It has nothing to do with intelligence or academic ability either. It's all about whether the speaker accepts poor communication as being acceptable or not. Accepting poor communication is essentially saying that the speaker does not care about what he or she says.

Now the reasons as to why that may be the case could be many and deeply embedded, but the speaker  is in control of what he or she says. She can decided that the next utterance will not have any fillers. She can work on avoiding the fillers by just focusing a little on what she is saying and how she is saying it. I've turned pupils around very quickly with minor interventions. Adults who um and ah, can also change how they speak with a little training.

Training, as the Romans knew, can improve anything.

If we are truly stumbling for the words to express our thoughts, some suggest remaining silent until the word comes. Well, that doesn't help if you have an idea but no word for it in your vocabulary - far better to ask for help! Otherwise, try an alternative path of words to help communicate the idea. Pen and paper are often fantastic media for communicating ideas - draw. Or dance, as one of my pupils may note.

Egalitarianism - the idea that one person should count for one person and no more than one person - constitutes the political and legal underpinning of civilisation. However, that does not imply that all words are equal, that all deeds are equal, that all speeches are equal.

Would Lincoln have been remembered for this speech:

"Right, you know, um, it was sort of a long time ago, like, that our umm, fathers helped build, you know, this nation like. It was um made in liberty, like, y'know, and ah, dedicated, sort of, like, to the idea that, y'know, all men, like, are like created like equal like."

Or Winston Churchill:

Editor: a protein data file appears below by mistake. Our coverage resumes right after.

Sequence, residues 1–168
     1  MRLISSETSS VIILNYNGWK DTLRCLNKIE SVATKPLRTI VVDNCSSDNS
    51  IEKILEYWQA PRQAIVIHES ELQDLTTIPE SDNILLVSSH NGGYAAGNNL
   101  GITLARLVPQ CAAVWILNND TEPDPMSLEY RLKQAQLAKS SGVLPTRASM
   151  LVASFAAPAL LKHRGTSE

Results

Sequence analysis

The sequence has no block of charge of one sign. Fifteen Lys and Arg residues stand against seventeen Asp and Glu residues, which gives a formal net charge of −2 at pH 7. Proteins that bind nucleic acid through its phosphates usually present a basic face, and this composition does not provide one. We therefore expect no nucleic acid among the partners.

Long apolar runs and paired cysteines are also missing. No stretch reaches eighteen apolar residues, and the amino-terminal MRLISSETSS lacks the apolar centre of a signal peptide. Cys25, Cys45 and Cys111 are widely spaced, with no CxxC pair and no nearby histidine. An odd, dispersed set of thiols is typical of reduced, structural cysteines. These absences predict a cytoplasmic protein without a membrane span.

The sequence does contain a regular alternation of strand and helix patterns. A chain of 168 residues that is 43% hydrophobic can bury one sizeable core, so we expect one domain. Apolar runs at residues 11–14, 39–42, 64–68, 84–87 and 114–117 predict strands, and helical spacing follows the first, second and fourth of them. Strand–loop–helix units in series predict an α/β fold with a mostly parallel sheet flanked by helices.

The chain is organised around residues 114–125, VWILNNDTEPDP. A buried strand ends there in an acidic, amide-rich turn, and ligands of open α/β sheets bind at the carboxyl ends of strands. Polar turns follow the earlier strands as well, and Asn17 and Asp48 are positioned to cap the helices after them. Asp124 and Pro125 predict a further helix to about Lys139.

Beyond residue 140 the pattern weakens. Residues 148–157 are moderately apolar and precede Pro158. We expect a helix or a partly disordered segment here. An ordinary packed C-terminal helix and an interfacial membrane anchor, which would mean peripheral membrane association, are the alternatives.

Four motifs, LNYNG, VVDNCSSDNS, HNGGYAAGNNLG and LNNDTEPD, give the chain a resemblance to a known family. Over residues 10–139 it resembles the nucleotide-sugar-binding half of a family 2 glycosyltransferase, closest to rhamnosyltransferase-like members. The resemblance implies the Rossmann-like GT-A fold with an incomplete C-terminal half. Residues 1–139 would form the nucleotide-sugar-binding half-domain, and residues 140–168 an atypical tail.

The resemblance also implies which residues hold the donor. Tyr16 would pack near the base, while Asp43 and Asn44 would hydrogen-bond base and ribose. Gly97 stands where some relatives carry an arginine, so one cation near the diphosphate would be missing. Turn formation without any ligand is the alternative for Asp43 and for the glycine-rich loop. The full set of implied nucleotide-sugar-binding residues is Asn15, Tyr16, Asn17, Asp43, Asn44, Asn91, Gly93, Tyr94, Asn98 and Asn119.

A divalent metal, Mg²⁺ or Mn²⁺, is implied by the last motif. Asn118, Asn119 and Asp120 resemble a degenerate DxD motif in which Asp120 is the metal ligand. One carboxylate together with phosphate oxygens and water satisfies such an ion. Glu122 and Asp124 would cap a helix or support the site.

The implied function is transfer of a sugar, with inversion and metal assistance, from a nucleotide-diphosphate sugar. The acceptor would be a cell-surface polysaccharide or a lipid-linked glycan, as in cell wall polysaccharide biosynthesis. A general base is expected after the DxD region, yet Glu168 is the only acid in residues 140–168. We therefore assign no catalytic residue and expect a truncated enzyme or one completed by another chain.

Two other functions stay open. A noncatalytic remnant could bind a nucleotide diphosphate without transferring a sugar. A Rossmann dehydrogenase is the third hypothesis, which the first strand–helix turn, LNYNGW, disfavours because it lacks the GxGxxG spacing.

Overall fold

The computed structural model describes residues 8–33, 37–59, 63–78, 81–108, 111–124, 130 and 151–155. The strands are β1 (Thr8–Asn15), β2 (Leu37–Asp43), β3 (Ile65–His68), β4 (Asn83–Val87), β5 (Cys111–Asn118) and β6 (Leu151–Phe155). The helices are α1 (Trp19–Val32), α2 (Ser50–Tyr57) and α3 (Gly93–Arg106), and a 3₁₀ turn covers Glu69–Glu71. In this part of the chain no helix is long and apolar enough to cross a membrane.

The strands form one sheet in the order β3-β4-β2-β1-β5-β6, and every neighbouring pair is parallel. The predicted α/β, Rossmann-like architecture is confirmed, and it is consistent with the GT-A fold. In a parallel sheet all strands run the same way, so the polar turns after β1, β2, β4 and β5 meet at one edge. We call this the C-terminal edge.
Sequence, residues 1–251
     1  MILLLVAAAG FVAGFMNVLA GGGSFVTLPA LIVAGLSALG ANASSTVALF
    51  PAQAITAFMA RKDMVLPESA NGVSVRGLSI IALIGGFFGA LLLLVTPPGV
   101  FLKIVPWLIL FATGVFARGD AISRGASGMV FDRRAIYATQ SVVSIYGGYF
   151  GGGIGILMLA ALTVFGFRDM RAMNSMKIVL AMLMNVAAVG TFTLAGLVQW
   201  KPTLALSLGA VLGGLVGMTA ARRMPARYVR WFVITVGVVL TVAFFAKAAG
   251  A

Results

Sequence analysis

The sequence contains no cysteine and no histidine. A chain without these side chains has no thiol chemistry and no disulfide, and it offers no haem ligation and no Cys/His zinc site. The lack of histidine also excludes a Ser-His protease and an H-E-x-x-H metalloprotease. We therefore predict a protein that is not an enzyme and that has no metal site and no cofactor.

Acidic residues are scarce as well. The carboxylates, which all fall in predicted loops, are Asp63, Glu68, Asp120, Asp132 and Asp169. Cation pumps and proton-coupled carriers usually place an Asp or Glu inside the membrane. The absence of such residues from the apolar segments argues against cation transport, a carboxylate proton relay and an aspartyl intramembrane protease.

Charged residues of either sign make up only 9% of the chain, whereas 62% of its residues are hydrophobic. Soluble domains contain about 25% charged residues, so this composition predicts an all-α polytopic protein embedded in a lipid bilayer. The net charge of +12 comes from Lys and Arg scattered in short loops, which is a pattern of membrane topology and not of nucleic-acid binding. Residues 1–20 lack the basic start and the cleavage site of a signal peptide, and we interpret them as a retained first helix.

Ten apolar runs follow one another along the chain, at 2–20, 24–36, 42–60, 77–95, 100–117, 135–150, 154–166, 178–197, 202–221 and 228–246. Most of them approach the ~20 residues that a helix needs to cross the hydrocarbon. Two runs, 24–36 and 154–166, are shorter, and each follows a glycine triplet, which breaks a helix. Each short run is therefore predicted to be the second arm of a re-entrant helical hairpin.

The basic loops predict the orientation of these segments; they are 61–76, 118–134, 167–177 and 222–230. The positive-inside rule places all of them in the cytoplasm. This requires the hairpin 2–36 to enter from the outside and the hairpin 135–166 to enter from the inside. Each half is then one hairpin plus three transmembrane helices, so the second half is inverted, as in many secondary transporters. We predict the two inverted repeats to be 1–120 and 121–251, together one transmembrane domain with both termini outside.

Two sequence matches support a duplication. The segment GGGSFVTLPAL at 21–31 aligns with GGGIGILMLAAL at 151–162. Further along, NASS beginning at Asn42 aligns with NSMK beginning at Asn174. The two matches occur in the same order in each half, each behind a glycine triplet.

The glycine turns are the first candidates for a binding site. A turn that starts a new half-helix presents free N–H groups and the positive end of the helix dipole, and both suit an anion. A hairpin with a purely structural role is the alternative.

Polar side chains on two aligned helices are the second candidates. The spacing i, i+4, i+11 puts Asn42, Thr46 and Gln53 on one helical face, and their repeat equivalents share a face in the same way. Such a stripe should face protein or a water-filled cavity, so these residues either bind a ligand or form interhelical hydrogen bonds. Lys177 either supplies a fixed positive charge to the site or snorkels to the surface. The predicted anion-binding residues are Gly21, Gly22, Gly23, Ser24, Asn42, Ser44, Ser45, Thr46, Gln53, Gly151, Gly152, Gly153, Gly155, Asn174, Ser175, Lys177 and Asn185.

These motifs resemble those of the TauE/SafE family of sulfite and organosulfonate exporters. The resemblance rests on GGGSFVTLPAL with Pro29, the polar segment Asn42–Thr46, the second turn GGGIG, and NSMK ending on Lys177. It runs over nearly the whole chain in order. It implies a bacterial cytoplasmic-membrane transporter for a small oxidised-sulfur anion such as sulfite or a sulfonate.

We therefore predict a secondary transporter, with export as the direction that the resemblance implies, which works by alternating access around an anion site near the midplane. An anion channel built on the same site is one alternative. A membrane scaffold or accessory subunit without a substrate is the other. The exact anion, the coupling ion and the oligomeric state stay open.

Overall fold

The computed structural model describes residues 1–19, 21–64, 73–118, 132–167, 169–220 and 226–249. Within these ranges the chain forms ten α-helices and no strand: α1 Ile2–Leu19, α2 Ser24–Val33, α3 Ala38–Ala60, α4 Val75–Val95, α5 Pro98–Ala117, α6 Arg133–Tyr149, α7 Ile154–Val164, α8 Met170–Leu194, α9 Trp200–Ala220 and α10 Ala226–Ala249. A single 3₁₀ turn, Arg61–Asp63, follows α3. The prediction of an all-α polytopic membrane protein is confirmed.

"We will like you know um fight them on the beaches sort of..."

If you use fillers. Stop yourself. Just slap your hand or put a 5p in a pot every time you utter one. Think before you speak and remain silent if you've nothing to say. Then go and read some books and find something to say. Expand your vocabulary.

As Funk and Lewis say in 30 Days to a a New Powerful Vocabulary, "your boss has a bigger vocabulary than you." There's a lot in that. Lazy thinking doesn't lend itself to getting on in life. The philosopher Wittgenstein reminded us that our world is constrained by our vocabulary - so, the smaller our vocabulary, the smaller our world. Imagine that.

I love civilisation and as a philosopher, political thinker, writer, and educationalist, I'm sensitive to the intellectual trends that demean civilisation: when our minds cannot grasp higher thought, when we tolerate inconsistent thinking and blurred communication, we are looking at our demise: so stand up for the civil order, improve your mind and your child's - accept not lazy speech.

Our children and our children's children will be proud that we stood up for values rather than let them slide into a linguistic cesspit.

Recommended texts - if you want to think better and wider, Nagel's succinct introduction to philosophy is hard to beat.